BALI, Indonesia: Malaysia and Indonesia will have the right to file an official complaint to World Trade Organisation (WTO), if the European Commission pursues to adopt European Parliament’s resolution on palm oil and deforestation as its official policy.
In a statement issued from Indonesia today, Plantation Industries and Commodities Minister Datuk Seri Mah Siew Keong said the government will be compelled to respond appropriately, should the European Union's continued discriminatory stance to exclude palm biofuel from EU’s Renewable Energy Directive.
Last week, the Environment Committee (ENVI) in the EU Parliament voted to exclude all palm biofuels from the European Union’s renewable energy market.
If the directive is adopted on the legislative level, Mah highlighted palm oil would be excluded from the EU’s Renewable Energy Directive while other vegetable oils remain included.
Mah is currently leading the Malaysian Delegation to co-chair the Inaugural Ministerial Meeting of Palm Oil Producing Countries in Indonesia.
Organised by the Council of Palm Oil Producing Countries (CPOPC) and chaired by Indonesia, there were representatives from other oil palm producing countries such as Colombia, Guatemala, Papua New Guinea, and Thailand.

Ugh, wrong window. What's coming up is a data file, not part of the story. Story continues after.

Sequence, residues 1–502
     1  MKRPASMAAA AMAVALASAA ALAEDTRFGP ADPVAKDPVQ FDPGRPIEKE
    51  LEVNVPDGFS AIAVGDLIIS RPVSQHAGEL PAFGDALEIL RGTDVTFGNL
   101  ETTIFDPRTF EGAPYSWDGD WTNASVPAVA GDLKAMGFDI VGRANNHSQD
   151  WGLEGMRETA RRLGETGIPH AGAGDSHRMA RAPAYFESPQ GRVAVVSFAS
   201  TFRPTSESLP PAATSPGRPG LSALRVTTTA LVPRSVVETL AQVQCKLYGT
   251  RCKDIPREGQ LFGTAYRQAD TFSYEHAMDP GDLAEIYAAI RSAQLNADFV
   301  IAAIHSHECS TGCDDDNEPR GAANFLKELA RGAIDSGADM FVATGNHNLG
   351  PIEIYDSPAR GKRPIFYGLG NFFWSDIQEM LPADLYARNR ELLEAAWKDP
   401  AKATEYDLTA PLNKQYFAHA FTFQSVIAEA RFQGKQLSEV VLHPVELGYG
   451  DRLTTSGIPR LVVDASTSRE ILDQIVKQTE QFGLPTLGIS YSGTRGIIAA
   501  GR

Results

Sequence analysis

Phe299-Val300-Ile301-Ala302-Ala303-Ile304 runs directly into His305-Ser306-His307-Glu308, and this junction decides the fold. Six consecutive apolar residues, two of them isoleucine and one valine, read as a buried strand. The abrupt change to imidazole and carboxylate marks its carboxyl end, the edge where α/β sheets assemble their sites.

"This meeting is historic and the first of its kind. All major oil palm producing countries, led by Malaysia and Indonesia, are officially addressing the unprecedented challenges that the industry faces," he said.
Mah expressed Malaysia’s concerns regarding the growing anti-palm oil campaign in the European Union Parliament, describing attempts by the Members of European Parliament in associating palm oil and rainforest deforestation as unjust and discriminatory.
"The European Union is discriminating against palm oil as the ENVI Committee clearly states that competitor oilseed crops will still be allowed to continue operating under the Renewable Energy Directive while palm biofuel would be excluded," he said.
Mah reiterated allegations made by Members of the European Parliament (MEPs) on the ENVI Committee relating to oil palm's negative environmental impacts are wrong and misleading. This is because Malaysia’s forest protection is vastly superior to that of almost every EU member state.
Malaysia has one of the most advanced forest protection regimes in the world, as recognised by the United Nations and the World Bank.
Oil palm producing countries, such as Malaysia, can testify the numerous socio-economic benefits of this agricultural activity.
There are 650,000 smallholders in Malaysia depending on the industry for their livelihoods and another three million people involved throughout the sprawling value chain.